"Behind the Scenes"
|February 2011||The monthly newsletter by Felgall Pty Ltd|
The Problem With Wikis
A wiki is a type of web site that allows anyone to update the content of the site. The idea is that errors that one person makes in what they post to the site can be corrected by others.Of course if everyone were exactly equal with their ability to chang ethe page then there would be noting to prevent two people constantly swapping the same content back and forth because they disagree as to what it should say.
The problem with this is that unless you require all changes to be checked by an 'editor' prior to their being applied and have those editors check the accuracy of the information prior to allowing it (which defeats the purpose of it being a wiki in the first place) then you end up with people being able to post incorrect information.
Requiring people updating the site to quote the source of their information may appear to be a solution to the problem but that effectively ensures that at best the wiki will be a secondary source of possibly inaccurate information - and that's assuming that the source of the information that is quoted is itself a primary source of the information and is also correct. Where the quoted source is a printed document that had an editor and reviewers look at the material prior to its publication then there is a greater possibility that the information is correct but if the book is itself a secondary source that quotes other books as the source of its material then you are yet one step further from the real source.
Often a number of seconary sources will be quoting the same primary source resulting in 'The majority is always right even when they are wrong' when it comes to supplying this information in the wiki since there are plenty of these secondary sources to quote as the source of the wrong information.
I have heard of someone who was actually in attendance at a particular event and who took notes at the time who attempted to update a wiki that displayed incorrect information about the event and had quoted sources for where that information came from. Because of the way wikis work the incorrect secondary source of the information was considered to be more reliable than an actual eye witness primary source account since a primary source of information has no sources to quote as to where it got the information from.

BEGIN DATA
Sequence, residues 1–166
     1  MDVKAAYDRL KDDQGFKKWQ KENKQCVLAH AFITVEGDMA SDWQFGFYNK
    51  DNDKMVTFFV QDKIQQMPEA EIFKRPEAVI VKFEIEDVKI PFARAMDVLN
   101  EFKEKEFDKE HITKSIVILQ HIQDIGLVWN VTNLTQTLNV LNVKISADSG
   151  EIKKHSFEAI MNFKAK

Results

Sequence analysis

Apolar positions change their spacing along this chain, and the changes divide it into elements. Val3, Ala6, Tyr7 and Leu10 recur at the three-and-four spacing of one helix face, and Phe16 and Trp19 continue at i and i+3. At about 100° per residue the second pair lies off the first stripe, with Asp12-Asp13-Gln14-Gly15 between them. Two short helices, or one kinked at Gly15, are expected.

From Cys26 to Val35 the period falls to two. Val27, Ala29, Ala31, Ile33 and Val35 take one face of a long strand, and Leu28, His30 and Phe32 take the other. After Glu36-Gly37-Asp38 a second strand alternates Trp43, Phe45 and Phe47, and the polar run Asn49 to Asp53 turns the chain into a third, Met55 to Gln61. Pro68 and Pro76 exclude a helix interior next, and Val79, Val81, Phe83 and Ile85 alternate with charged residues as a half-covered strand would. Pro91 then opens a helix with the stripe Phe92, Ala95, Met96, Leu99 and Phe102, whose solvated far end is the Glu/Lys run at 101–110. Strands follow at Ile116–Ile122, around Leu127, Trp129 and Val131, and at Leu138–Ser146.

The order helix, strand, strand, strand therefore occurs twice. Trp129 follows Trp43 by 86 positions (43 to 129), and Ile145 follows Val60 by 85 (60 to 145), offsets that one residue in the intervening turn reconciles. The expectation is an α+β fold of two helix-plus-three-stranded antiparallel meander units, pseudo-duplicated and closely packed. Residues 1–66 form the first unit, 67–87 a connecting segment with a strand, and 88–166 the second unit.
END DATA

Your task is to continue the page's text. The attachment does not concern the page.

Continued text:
At best a wiki will rely on the accuracy of a primary source of information published elsewhere. In many cases it will rely on secondary sources published elsewhere and so might perhaps be considered a tertiary source for the information.
The biggest problem of all is that some of these wikis have achieved high placement in search results and so are the first source of the information that many people researching the topic see. Some people then mistakenly rely on the information in the wiki being correct without further research. This then results in any misinformation in the wiki becoming what more and more people believe to be the truth.
In fact the most inportant part of any wiki is the list of sources where it claims to have got the information from. It is those sources that should form the starting point for your exploration of the topic and even there you really need to ask where they got the information from in order to try to trace the information back to primary sources. Only there will you get the information on how the inforation was established in the first place in order to be able to make your own decision as to how reliable it actually is.
While much of the information in wikis may be accurate and correct, the very nature of a wiki means that some of the information it presents will be wrong and unless you track twhere the information came from you have no way to tell which is which. That's a reason for example why school assignments should never quote a wiki as their source.
The following links will take you to all of the various pages that have been added to the site or undergone major changes in the last month.